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A brief history of the Palme d'Or

Until 1954, the Jury of the Festival de Cannes awarded a "Grand Prix of the International Film Festival" to Best Director. Winners of this Grand Prix would then be presented with a work by a contemporary artist in vogue.

At the end of 1954, upon the initiative of Robert Favre Le Bret, then Delegate General, the Festival's Board of Directors invited several jewellers to submit designs for a palme, in tribute to the coat of arms of the City of Cannes.




The original design which was finally selected was that of the renowned jewellery creator Lucienne Lazon. A trophy was then elaborated based on his design, with the bevelled lower extremity of the stalk forming a heart, and the pedestal a sculpture in terracotta by the celebrated artist Sébastien.

In 1955, the first Palme d'Or in the history of the Festival was awarded to Delbert Mann for his film Marty.

From 1964 to 1974, the Festival temporarily resumed awarding a Grand Prix.




In 1975, the Palme d’Or was reintroduced and became the enduring symbol of the Cannes Film Festival, awarded each and every year since to the director of the Best Feature Film of the Official Competition. It is presented in a case of pure red morocco leather, lined with white suede.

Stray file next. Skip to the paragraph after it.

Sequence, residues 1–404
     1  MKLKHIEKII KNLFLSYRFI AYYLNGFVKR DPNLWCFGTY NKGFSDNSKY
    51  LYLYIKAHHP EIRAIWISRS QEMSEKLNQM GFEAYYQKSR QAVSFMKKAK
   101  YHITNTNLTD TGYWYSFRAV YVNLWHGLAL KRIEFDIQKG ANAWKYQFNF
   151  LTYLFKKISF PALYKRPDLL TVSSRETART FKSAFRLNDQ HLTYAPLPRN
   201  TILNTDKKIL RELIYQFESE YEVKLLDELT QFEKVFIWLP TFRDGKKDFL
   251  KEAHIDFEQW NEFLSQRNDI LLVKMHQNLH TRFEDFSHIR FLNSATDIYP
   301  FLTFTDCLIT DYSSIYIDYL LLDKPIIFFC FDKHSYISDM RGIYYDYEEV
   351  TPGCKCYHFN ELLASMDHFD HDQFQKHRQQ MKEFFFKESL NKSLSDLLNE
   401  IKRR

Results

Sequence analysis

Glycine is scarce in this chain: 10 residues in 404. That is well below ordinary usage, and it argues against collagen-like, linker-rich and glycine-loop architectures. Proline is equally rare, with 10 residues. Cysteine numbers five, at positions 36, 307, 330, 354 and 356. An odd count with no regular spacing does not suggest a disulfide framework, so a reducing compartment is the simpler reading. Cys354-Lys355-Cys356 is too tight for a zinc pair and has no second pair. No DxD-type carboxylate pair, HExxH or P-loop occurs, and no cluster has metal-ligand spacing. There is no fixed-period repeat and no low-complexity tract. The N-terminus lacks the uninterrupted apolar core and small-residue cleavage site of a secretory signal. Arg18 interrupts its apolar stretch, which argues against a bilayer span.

At the beginning of the 80s, the rounded shape of the pedestal, bearing the Palme, gradually transformed to become pyramidal in 1984.










In 1992, Thierry de Bourqueney redesigned the Palme and its pedestal in hand-cut crystal.



In 1997, the Palme was modernised by Caroline Scheufele, President of the celebrated Swiss firm Chopard Jewellers, which now supplies the trophy every year. The Palme, made of 24-carat gold, is hand cast into a wax mould, then attached to a cushion of a single piece of cut crystal. It is today presented in a case of blue morocco leather.





Ever since its creation, the Palme d’Or has been awarded only once to a woman: New Zealand's Jane Campion, for The Piano Lesson in 1993.

On the occasion of the Festival's 50th anniversary in 1997, a "Palme of Palmes" was awarded to Ingmar Bergman, presented in his absence to his daughter, Linn Ulmann, in the presence of twenty-eight other Palme d’Or winners.

As of today, only five directors belong to the much-envied circle of "double Palmes": Francis Coppola, Shoei Imamura, Bille August, Emir Kusturica and the Dardenne brothers.

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